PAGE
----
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Chinese History - Sui Period Religion

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After three hundred years of disunion the Sui Dynasty reunited northern and southern China, and traditions that had developed their own shapes and appearance, found together. Southern and northern traditions and styles of philosophy, literature, language, music, arts, and so on, started to merge and united two hitherto separated traditions to one new. While in the southern Buddhism for example laid more stress on principles and rituals, in the north a more intuitive approach to Buddhism was prevalent, crystallizing in the foundation of the Chan Sect 禪宗. A person who assembled the two traditions was Zhiyi 智顗 who founded the Tiantai School 天台宗.
Although the emperor of the unified China relied on Confucian scholars as his governmental elite and to have a foundation of his rulership as Heaven appointed emperor, Yang Jian was also a great protector and sponsor of Buddhism. He did this partly because Buddhism was already widespread in all social classes at the end of the 6th century, and to win the support of the whole population, he had especially to rely on Buddhists. He had established temples at the foot of the five sacred mountains of Chinese religious faith, the Taishan 泰山/Shandong, Huashan 華山/Shaanxi, Hengshan 衡山/Hunan, Hengshan 恒山/Shanxi and Songshan 嵩山/Henan and had constructed national temples in every prefecture. The emperor owned his political rise to the Buddhist dharma and was himself as an incarnation of a disciple of the Buddha. With his sponsorship of Buddhism, Wendi emulated the example of the famous Indian king Ashoka, erecting thousands of stupas and pagodas. During the 6th century, Buddhism as an impressive state religion gained broad attention by Korean and Japanese rulers.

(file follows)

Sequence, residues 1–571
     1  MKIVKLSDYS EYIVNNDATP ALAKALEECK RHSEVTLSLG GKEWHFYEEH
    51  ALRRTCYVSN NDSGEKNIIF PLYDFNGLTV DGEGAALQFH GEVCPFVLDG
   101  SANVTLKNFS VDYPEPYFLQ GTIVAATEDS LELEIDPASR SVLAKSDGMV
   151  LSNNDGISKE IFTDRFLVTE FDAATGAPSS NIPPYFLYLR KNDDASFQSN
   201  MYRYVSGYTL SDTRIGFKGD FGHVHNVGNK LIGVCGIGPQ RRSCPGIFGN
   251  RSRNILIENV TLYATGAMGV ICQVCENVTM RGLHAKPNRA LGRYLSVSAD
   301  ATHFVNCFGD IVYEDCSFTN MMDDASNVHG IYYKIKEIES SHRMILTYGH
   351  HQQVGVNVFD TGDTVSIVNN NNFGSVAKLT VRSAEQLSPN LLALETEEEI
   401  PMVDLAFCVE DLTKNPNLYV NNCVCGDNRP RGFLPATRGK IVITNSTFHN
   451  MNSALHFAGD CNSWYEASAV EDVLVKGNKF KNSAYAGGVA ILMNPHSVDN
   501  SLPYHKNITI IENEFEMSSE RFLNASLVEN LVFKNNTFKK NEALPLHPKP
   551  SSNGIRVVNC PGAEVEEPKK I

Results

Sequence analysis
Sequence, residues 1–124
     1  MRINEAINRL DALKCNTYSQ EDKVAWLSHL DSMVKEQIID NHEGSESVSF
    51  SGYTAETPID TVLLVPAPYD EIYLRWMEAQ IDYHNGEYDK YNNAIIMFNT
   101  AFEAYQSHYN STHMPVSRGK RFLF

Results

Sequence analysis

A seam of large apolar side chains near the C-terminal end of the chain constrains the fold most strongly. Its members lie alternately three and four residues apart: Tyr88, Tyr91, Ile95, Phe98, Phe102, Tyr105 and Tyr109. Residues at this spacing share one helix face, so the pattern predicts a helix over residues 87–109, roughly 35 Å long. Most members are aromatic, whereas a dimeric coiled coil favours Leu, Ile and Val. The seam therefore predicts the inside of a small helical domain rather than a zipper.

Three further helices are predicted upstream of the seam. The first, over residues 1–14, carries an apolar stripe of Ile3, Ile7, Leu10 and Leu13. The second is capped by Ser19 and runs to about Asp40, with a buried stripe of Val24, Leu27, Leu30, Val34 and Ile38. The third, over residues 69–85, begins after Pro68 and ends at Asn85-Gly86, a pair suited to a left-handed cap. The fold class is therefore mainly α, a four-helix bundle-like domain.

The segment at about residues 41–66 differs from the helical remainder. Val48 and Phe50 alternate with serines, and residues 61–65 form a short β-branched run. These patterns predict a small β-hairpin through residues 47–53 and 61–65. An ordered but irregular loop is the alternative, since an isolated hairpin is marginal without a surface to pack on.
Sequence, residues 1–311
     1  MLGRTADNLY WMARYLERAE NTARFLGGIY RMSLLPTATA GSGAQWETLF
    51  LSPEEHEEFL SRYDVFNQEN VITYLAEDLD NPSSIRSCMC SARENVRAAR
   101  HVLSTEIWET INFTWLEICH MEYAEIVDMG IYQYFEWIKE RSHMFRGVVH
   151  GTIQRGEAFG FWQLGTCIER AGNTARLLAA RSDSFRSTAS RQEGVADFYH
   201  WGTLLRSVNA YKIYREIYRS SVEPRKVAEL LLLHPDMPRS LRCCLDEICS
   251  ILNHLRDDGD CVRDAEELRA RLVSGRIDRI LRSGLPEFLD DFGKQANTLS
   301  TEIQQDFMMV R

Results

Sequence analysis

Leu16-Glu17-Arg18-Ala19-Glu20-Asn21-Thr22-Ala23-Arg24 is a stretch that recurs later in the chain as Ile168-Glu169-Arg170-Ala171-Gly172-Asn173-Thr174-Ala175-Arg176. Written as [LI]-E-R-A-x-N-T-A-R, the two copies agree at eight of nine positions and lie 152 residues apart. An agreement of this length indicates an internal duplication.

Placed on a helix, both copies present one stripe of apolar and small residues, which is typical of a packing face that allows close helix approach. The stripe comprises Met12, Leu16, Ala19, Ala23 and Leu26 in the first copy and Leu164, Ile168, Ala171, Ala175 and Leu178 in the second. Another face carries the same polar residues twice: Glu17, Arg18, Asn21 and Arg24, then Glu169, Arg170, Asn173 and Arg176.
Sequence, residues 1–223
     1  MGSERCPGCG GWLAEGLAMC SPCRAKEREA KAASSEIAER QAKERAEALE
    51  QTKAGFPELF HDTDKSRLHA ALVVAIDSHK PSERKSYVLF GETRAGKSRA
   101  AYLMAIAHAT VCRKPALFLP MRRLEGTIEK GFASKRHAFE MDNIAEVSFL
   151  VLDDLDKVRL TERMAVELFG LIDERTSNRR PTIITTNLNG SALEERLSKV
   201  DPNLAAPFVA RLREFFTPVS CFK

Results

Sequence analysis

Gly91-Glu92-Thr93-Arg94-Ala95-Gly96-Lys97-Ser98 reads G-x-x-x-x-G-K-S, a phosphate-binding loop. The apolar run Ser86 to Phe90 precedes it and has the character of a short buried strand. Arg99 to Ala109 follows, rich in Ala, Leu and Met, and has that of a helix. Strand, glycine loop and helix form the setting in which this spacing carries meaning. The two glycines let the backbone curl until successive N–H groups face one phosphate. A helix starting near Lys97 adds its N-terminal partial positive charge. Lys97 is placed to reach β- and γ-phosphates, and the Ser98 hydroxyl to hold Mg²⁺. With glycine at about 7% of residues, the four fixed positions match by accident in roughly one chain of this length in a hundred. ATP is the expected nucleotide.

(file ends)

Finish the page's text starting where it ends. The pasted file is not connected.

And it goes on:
2000 ff. © Ulrich Theobald · Mail

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